• ‘I should eat 45 Quality Street because it’s Christmas:’ You can eat exactly what you want.  If you genuinely want 45 Big Purple Ones (I’d go Strawberry Cream personally) then do so but if you’d actually rather have a big bowl of fruit and yogurt then have that.  You are not missing out on Christmas by not eating what everyone else seems to be.  You are still in control. Listen to your body, and I know that is SO stupidly hard, but try. If you’re craving another round of roasties and gravy, have some and enjoy it. But if you’d rather have some turkey and green veggies have that instead.
  • Christmas Day itself: This is your Christmas just as much as it is anyone else’s, so you should enjoy it too. Ask what time lunch is, and exactly what you’re having so you can prepare yourself for it. If you’re helping with the cooking try to relax and realsie that whoever is cooking wants to make a lovely meal, their sole purpose isn’t to ‘make you fat.’ If you are helping in the kitchen try not to get overly anxious about the meal- essentially this is just a Sunday roast, meat (protein), root veg (carbs), gravy etc (fats) and then a load of veggies, is that really that ‘bad?!’
  • What I eat: Christmas 2012 was a very cautious one.  I had chicken breast with the trimmings but visually I tried to quantify what I ate.  I made ‘healthier’ versions of everything and couldn’t bring myself to really have a pudding- that year it was Greek yogurt and a sugar free jelly. Last year however I pretty much had the lot, because I wanted it, and because I felt comfortable with it, mostly! I had my usual breakfast, making sure I had some eggs and greens and then, if I’m honest I can’t remember, which is good! That seems quite ‘normal’ in my book. I had a G&T with my mum while cooking, some crisps and dip, then the Christmas lunch. I still had chicken (out of preference) and I still made a ‘healthier’ red cabbage/cranberry sauce but I had my mince pies and cream for pudding, I had some chocolates, I had some cheese. My evening meal with pretty much a repeat of lunch, on a smaller scale. I even managed a Ross for Friends style turkey sandwich on Boxing Day.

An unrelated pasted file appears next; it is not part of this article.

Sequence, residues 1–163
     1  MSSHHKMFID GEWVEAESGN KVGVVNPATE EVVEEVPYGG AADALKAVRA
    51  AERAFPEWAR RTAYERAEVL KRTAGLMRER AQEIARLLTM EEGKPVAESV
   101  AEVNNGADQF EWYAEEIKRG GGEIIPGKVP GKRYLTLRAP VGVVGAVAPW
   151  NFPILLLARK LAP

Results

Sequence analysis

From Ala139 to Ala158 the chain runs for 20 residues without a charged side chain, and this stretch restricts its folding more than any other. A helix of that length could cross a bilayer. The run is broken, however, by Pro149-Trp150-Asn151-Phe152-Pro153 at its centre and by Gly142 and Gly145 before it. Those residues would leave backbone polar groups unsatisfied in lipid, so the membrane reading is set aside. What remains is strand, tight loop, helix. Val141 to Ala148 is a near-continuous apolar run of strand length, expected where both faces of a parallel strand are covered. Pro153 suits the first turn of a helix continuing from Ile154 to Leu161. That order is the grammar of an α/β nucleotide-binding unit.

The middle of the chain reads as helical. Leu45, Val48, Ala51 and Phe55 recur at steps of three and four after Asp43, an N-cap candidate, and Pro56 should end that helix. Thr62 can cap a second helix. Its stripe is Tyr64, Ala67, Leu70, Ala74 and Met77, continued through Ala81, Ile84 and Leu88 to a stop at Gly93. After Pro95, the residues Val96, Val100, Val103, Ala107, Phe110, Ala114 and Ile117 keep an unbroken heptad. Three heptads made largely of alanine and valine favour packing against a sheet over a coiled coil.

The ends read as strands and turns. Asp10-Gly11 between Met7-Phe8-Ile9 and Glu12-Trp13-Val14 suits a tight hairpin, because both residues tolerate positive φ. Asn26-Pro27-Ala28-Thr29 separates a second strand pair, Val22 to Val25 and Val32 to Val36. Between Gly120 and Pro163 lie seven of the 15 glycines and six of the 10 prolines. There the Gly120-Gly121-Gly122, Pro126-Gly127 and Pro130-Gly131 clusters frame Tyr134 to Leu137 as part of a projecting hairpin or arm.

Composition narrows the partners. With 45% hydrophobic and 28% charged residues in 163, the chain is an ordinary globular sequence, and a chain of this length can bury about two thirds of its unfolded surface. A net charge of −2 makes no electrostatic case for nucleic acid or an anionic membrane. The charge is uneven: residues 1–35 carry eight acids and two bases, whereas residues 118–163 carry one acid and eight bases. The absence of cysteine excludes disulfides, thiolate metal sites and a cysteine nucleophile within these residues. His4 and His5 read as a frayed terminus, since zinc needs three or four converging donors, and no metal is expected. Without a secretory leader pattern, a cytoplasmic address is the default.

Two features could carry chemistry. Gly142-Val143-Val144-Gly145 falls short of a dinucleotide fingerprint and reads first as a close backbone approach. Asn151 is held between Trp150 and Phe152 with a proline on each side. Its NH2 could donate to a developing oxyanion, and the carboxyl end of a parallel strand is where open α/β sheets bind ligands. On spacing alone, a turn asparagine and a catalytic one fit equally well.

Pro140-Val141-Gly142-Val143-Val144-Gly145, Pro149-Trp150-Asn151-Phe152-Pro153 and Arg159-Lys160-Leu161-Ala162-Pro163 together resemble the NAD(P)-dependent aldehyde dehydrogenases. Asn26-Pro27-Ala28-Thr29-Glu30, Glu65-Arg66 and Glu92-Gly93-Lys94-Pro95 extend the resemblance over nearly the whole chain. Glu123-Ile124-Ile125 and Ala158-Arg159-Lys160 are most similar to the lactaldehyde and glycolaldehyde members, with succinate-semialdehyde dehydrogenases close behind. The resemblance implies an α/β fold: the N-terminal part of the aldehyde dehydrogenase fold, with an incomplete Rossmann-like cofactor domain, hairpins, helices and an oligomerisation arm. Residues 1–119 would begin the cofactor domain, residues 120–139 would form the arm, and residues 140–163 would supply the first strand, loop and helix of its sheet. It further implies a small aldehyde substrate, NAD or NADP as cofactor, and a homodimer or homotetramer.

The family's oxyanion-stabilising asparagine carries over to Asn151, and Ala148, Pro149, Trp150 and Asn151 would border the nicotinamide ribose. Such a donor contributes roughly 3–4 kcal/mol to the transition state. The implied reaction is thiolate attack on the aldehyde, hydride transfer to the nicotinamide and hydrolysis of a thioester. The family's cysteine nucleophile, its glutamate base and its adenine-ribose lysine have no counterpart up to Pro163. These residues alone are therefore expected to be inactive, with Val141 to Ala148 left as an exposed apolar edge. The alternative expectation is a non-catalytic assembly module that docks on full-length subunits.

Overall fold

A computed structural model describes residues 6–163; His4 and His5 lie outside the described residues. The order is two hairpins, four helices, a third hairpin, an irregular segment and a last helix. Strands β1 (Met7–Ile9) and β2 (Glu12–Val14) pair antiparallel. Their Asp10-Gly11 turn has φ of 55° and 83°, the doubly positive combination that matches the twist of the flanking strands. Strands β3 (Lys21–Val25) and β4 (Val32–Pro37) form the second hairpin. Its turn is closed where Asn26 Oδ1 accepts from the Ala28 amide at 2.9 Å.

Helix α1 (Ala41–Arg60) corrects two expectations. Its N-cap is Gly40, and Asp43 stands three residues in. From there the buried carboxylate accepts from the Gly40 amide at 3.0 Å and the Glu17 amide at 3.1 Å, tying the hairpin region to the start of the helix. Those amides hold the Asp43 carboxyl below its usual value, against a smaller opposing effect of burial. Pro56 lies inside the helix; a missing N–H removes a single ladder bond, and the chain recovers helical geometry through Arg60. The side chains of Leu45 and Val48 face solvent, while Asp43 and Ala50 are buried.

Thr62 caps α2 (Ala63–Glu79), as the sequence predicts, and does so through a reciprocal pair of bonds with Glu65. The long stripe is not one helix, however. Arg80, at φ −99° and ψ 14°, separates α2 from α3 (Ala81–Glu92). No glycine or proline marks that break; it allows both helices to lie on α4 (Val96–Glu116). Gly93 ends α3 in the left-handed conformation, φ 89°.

You can get to a point where you are comfortable eating the same as others on days like this, it can just take some time. Congratulate yourself for what you do do, don’t beat yourself up for what you don’t. If you manage one Quality Street when you couldn’t bring yourself to have any last year, that’s huge, focus on that. Maybe next year you’ll be having mince pies AND Quality Street (FYI I’m not sponsored by Quality Street, actually more a Celebrations girl but hey.)

Ultimately Christmas Day is one day, does it really matter if you eat slightly more on this day? Does it really matter if you eat slightly more for the 2 days surrounding it too? NO. Christmas is a time to be enjoyed with friends and family and loved ones. Recent sad events have only served to remind me of this even more. Cherish the time you have with those you love. If you’re heads just not in a great, don’t berate yourself for that, just take it as it comes.